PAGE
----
- Budget for fees as well as interest. And you may have to factor in the cost of a more expensive year-end process. Often, a bank will ask you to upgrade your year-end financials to a “review” engagement. This means that your accountant has to spend more time on the year-end, giving the bank a signoff saying the numbers are plausible. It’s more invasive than financials prepared just for taxes. It adds no value to your business other than helping you keep the loan.
- Negotiating a loan is like any other negotiation. The more leverage you have, the more you can refine the terms. But lenders have some lines they can’t cross (some of which are regulated). It helps to understand what those are.
- Don’t despair if you fail to meet the requirements once or twice. Clearly, it’s best to honour your commitments, and increases the odds of being able to borrow again later. But… bankers don’t like to call in their loans. It’s an admission of a bad lending decision – and normally the last resort, as it reduces the risk the bank gets anything back.
- Bank managers are nice people. Remember their birthdays. Take them Timmies when you visit. And never give them nasty surprises.
Keeping it at home
Having read of all the above, you might decide – or realize you have no choice – to call on your family and friends for funding, rather than go to a commercial lender. After all, who has a more vested interest in your success than your loved ones?
This is an entirely legitimate source of funds, although probably better suited to a fixed loan than a more flexible overdraft. However, my advice here (to both sides of the transaction) is simple:
Behave exactly as if you were borrowing from a bank.
Why would you do this? Well, people may do things for their family without necessarily thinking it through. So, if Mom guarantees a $100,000 loan for your new business, there is a risk that she may be called on to honour it. (That’s why the bank asked). So, pay her a guarantee fee. It’s a nice way to acknowledge what she has done for you – and the act of paying it will hopefully clarify to all that she is taking on some risk for that fee. *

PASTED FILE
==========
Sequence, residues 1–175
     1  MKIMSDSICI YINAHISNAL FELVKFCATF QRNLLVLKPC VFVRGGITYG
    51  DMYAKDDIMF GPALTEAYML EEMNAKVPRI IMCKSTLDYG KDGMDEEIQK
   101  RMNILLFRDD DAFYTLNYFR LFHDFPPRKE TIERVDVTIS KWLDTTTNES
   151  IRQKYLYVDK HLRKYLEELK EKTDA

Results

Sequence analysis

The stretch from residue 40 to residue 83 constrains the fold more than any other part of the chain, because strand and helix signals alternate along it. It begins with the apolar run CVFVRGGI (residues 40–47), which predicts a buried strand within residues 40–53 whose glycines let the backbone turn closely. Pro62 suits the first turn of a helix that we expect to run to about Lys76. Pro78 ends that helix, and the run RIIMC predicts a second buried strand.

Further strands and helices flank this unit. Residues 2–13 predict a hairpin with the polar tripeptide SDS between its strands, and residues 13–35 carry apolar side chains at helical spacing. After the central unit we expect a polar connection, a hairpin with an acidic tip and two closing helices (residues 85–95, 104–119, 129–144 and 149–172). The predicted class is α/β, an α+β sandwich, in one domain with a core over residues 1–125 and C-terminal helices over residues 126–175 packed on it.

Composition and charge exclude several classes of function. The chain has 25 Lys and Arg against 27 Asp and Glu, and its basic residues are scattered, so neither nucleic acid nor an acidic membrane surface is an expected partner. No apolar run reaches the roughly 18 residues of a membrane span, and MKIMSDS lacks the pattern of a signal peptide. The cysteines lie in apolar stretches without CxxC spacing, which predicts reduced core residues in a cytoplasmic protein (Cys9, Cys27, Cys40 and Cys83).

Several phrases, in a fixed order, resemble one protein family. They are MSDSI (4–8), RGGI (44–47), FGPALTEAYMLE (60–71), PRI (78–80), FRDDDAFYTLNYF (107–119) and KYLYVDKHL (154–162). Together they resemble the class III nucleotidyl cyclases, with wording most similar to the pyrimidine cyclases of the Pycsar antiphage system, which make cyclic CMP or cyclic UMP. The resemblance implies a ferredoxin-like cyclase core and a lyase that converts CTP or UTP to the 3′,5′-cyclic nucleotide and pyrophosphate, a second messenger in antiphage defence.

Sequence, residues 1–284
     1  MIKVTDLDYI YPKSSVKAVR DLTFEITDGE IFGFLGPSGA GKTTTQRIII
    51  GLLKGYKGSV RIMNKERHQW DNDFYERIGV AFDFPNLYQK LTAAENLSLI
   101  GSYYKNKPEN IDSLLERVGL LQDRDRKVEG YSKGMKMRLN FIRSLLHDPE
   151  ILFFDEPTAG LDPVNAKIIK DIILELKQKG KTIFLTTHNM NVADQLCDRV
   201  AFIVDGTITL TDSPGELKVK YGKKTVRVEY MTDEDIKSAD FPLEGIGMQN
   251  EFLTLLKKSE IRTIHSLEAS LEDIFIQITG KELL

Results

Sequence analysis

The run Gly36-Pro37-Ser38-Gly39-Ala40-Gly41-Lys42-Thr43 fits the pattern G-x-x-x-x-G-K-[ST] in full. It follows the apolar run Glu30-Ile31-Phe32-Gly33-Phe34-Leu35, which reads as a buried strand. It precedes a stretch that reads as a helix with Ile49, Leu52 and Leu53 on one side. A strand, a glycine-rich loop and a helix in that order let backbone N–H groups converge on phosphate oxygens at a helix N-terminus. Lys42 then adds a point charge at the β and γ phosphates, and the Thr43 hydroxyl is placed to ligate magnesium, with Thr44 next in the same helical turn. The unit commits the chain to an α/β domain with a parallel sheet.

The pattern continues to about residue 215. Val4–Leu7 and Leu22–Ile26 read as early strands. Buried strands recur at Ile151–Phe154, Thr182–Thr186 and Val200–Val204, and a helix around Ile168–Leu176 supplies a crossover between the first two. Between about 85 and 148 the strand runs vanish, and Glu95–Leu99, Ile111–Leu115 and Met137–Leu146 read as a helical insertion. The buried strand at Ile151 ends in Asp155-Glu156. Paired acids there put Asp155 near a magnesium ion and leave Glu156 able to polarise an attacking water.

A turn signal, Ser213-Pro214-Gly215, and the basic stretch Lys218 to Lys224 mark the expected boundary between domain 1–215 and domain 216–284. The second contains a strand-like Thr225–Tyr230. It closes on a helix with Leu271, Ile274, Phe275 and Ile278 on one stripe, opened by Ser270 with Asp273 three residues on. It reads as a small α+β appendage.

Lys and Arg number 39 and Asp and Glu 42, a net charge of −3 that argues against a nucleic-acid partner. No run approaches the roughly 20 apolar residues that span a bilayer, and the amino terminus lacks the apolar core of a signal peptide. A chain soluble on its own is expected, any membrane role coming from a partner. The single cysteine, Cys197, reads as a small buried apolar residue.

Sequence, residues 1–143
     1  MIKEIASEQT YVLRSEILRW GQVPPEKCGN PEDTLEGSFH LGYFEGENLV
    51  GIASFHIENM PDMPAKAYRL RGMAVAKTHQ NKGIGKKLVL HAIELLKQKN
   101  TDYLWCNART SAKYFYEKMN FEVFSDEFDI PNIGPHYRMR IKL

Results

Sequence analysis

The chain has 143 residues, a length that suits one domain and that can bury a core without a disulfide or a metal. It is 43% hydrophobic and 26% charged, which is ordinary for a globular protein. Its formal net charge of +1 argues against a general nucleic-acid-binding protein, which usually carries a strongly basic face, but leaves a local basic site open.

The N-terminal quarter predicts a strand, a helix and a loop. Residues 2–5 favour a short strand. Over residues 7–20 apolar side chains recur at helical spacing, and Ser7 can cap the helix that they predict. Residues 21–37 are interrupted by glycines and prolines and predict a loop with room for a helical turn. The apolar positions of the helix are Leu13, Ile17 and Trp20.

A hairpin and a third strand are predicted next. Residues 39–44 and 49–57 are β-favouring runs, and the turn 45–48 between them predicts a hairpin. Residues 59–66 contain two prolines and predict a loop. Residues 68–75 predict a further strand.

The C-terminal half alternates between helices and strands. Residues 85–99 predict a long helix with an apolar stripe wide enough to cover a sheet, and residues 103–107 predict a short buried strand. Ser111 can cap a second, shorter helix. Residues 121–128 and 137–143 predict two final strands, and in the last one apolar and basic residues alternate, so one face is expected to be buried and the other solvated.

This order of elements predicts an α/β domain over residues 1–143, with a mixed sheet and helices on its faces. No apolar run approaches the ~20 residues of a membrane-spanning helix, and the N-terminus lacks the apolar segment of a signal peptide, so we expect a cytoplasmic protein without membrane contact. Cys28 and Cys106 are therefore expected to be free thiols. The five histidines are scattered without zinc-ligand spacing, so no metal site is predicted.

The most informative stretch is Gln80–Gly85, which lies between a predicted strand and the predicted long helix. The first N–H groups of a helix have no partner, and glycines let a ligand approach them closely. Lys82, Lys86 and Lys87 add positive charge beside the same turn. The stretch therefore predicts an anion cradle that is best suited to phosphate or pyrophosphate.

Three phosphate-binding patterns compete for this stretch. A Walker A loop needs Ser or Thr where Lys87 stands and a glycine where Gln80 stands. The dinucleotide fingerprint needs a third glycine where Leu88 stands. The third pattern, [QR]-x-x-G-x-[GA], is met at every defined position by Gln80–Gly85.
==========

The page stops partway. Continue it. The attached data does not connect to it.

Also, please put any such agreements in writing. You don’t always need to lawyer it up, but at least make sure you have covered the amount, what interest (if any), what security you’ve offered (if any) – and a repayment schedule. Do your utmost to keep to that schedule. It’s the right thing to do, and will minimize conflict.
Do you really need to do this? Well, yes. I’ve seen what happens if you don’t. There are always pressing needs on your business cash, and if making that payment to Uncle Bill is not something you have scheduled in, somehow it just never happens. Then…. Every time you see each other, he will drop hints that he’d appreciate a repayment. Then… if you haven’t repaid him, clearly you’re not running your business well – so he may start to offer unsolicited advice. Let’s just say that can add an interesting wrinkle to family reunions. Particularly if his spouse or kids get involved.
Keep it clean and simple, and all will be well. I promise.
*Footnote: Any interest or fees you pay to family members for a business loan are deductible for tax purposes. Of course, your lender is equally required to declare the income on their side. But that’s their issue – not yours.